At a Glance
Why Get Tested?
To determine the function of your kidneys
When to Get Tested?
As a practical test to look for evidence of kidney damage. For a more definitive assessment of kidney function or to monitor changes in kidney function if you already have kidney disease, measurement of creatinine clearance is preferred.
Creatinine Clearance can be calculated using your age, weight, gender, and serum creatinine (requires a blood sample from a vein in your arm); in some formulas, race is also used in the calculation. Measured Creatinine Clearance, which gives an assessment of Glomerular Filtration Rate (GFR), is calculated from serum and urine creatinine levels and requires a blood sample from a vein in your arm and normally a 24-hour collection of urine.
The Test Sample
What is being tested?
Creatinine Clearance gives an assessment of glomerular filtration rate (GFR) which in turn is a measure of the function of your kidneys. Glomeruli are tiny filters in your kidney that allow waste products to be removed from the blood, while preventing loss of important proteins and blood cells. The rate refers to the amount of blood that is filtered per minute. Calculated creatinine clearance is an estimate of creatinine clearance based on the serum creatinine value only and used when it is either not practical or possible to collect a 24 hr urine.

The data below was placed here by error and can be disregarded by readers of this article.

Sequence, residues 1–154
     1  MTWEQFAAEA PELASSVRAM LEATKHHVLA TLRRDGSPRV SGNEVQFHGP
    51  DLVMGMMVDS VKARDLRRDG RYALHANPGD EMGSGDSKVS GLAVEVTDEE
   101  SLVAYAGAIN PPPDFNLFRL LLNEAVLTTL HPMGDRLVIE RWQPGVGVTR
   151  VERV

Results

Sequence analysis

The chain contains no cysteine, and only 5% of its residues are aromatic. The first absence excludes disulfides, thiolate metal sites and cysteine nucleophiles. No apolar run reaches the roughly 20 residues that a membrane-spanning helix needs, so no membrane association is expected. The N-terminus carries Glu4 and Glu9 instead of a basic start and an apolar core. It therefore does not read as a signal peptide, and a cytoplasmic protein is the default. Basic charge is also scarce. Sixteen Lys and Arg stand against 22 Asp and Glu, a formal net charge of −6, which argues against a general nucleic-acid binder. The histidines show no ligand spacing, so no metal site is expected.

How is the sample collected for testing?
A blood sample is taken by needle from a vein in the arm; your weight and age are needed for calculation of creatinine clearance as well. Measured creatinine clearance requires both a blood sample taken from a vein in your arm and a 24-hour sample of urine.
NOTE: If undergoing medical tests makes you or someone you care for anxious, embarrassed, or even difficult to manage, you might consider reading one or more of the following articles: Coping with Test Pain, Discomfort, and Anxiety, Tips on Blood Testing, Tips to Help Children through Their Medical Tests, and Tips to Help the Elderly through Their Medical Tests.
Another article, Follow That Sample, provides a glimpse at the collection and processing of a blood sample and throat culture.
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NOTE: This article is based on research that utilizes the sources cited here as well as the collective experience of the Lab Tests Online Editorial Review Board. This article is periodically reviewed by the Editorial Board and may be updated as a result of the review. Any new sources cited will be added to the list and distinguished from the original sources used.